What te reo Māori means to me

“What I have just covered (the E Tū Whānau values) are what te reo Māori means to me and when I learn about te reo Māori, I learn about me.”

That’s how 13-year-old Candis Brunning ended her speech about the E Tū Whānau values at the recent Te Arawa Manu Kōrero regional competition in Taupo.

She was greeted by silence.

“You could have heard a pin drop,” says her mother, Mere Keane.  “People were captured by her speech. Some had tears in their eyes. A kuia she had never met before was moved to come up and embrace her. It was very moving.”

In her speech Candis described the E Tū Whānau kaupapa, with its emphasis on whakapapa, tikanga and other traditional Māori values, as a way to prevent violence within whānau .

Hui a turning point

Candis and her own whānau were introduced to the kaupapa through friends at Taupo’s Tāne and Wāhine Ora Wellness programmes.

Candis and Shaneece Brunning

Candis and her 15-year-old sister, Shaneece, then took part in the recent E Tū Whānau Rangatahi hui at Pahaoa Marae,Te Kaha.

The four-day hui at was a turning point for both girls.

“That’s where I really learnt about E Tū Whānau. It’s helped me realise who I am, in a way, and what I’m worth,” says Candis.

Her enthusiasm for the kaupapa, and its potential to make long lasting changes in the way whānau live together, is contagious. It’s indicative of the way E Tū Whānau is quietly influencing positive lifestyles throughout Aotearoa.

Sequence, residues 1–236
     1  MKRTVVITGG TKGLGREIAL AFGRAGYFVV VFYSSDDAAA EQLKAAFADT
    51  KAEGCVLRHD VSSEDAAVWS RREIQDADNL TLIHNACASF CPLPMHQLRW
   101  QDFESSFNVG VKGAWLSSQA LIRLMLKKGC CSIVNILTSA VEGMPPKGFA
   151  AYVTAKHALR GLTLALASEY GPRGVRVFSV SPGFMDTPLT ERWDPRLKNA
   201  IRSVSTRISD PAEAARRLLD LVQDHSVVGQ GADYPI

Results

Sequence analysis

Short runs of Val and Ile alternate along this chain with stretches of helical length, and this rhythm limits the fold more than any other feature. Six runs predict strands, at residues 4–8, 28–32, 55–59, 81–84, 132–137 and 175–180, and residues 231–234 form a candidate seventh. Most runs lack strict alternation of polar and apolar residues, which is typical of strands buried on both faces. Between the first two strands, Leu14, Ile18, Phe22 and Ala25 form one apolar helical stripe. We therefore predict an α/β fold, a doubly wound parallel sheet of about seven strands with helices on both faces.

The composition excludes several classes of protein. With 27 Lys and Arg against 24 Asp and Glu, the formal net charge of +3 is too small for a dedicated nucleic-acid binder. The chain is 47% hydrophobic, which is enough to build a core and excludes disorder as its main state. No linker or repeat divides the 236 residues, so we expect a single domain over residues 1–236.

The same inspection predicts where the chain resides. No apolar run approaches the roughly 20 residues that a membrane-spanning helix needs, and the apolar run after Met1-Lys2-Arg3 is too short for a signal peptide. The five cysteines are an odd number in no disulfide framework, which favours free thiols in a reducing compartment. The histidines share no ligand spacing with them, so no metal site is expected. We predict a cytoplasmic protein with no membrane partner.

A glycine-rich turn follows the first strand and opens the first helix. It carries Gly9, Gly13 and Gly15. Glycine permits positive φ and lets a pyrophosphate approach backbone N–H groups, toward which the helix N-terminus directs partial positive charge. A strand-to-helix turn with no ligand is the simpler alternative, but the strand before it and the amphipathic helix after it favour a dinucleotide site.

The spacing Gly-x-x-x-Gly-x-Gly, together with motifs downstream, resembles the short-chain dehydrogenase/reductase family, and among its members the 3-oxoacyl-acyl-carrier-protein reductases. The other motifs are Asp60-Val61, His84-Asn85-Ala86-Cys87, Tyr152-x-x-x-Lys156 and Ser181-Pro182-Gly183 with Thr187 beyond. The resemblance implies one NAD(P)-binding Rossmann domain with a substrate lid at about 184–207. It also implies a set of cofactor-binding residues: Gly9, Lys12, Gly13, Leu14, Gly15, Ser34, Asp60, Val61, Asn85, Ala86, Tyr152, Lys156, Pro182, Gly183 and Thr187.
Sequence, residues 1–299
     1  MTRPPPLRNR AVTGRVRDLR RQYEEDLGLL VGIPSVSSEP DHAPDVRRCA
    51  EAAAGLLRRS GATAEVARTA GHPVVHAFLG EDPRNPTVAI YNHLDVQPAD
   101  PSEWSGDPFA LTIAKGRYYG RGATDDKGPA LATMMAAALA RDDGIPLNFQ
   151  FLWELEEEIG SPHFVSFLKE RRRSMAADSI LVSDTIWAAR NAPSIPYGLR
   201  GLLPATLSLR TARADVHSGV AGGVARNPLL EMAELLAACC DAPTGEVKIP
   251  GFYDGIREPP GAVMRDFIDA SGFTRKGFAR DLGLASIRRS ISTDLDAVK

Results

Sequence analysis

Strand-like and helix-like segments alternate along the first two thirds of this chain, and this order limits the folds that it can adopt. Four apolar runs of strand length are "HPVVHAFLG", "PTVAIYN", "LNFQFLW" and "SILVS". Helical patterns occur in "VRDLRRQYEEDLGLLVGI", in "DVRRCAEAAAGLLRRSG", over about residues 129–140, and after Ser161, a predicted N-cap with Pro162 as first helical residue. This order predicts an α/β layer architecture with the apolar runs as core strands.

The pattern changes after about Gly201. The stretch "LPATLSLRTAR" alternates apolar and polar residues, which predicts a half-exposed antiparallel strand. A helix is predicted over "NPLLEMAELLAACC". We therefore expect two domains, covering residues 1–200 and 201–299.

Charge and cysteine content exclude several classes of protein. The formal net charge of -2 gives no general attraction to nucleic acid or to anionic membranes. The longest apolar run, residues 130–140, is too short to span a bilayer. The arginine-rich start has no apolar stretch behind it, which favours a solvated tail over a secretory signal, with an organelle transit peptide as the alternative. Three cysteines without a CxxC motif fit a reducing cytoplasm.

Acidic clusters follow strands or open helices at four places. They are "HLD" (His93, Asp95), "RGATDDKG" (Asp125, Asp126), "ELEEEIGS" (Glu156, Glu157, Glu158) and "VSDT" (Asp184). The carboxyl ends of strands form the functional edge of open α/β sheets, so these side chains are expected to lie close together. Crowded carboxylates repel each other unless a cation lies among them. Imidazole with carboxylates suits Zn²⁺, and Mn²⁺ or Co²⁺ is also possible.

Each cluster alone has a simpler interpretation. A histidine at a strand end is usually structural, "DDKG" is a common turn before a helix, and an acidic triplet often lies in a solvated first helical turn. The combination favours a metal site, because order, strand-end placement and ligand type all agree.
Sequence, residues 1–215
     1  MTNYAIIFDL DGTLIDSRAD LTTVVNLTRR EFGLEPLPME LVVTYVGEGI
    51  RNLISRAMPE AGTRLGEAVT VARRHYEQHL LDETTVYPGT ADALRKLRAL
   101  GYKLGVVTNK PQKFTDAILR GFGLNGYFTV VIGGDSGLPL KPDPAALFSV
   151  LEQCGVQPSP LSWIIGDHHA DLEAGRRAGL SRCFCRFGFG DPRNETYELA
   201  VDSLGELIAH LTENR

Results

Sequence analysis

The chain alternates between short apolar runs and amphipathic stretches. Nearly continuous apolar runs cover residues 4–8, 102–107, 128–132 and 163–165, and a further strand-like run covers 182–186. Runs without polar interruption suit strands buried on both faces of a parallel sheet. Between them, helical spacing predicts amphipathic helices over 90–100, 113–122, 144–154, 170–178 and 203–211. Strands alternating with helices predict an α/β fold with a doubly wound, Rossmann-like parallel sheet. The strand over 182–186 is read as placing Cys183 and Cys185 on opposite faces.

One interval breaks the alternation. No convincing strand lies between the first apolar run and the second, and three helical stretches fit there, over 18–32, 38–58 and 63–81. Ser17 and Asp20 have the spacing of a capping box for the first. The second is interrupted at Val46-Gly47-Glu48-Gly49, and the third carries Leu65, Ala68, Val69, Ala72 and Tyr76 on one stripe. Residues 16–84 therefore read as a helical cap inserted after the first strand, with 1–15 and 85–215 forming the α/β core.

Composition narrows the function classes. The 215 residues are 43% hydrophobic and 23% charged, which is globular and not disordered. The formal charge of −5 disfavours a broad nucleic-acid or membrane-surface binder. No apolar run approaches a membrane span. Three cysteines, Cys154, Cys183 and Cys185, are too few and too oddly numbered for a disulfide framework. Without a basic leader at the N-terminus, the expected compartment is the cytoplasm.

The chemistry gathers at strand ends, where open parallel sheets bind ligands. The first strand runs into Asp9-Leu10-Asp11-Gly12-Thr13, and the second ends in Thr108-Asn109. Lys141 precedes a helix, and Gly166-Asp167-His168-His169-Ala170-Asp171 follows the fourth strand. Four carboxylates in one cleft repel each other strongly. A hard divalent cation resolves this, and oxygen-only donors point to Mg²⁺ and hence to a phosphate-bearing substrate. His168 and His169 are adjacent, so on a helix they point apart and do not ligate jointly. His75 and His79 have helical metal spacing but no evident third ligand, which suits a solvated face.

Candis now spreads the word amongst friends and fellow students at Taupo-nui-a-Tia College, many of whom are hearing about E Tū  Whānau for the first time.

“They’re really interested. They think it’s cool.’

Candis is a good sportswoman as well as an orator. She and Shaneece both achieved black belts in karate after only three years of training.

Promising golfers

They’re also promising golfers and belong to the four person Taupo-nui-a-Tia College golf team that recently won pennants at the 2016 Secondary Schools Golf Tournament. Each has won individual titles in the junior sections of national events and in competitions at their local Taupo Golf Club.

Dad, Dalvin Brunning, says that getting the girls into sports like golfing and karate, as opposed to more popular codes like rugby and netball, gives them an opportunity to get out there and be seen.

The whole Brunning whānau are right behind their tamariki, encouraging them to take on challenges, try their best at all times and celebrate their achievements

“My dad George has a crook leg but he’s out there with them every time they compete, walking with them as they play or driving round on the cart,” says Dalvin.

Success, it seems, inspires further success.

Inspired by Aunty

Their aunt, multi-award winning actress Nancy Brunning, is an idol to the girls.

In 2014, Candis came first in the BoP Junior Tiger Tourny and fifth in the national Junior Tiger Tourny, the same competition that Lydia Ko won in 2009 when she was 11.

“She was a head girl at Taupo-nui-a-Tia College. I feel so proud every time I look up and see her name on our ’wall of fame’. She’s such an inspiration,” says Candis who, along with her sister, is on track to become another member of the Brunning whānau to achieve success on her own terms and inspire others to do the same.

It’s the power and strength of the whānau – te mana kaha o te whānau – in action.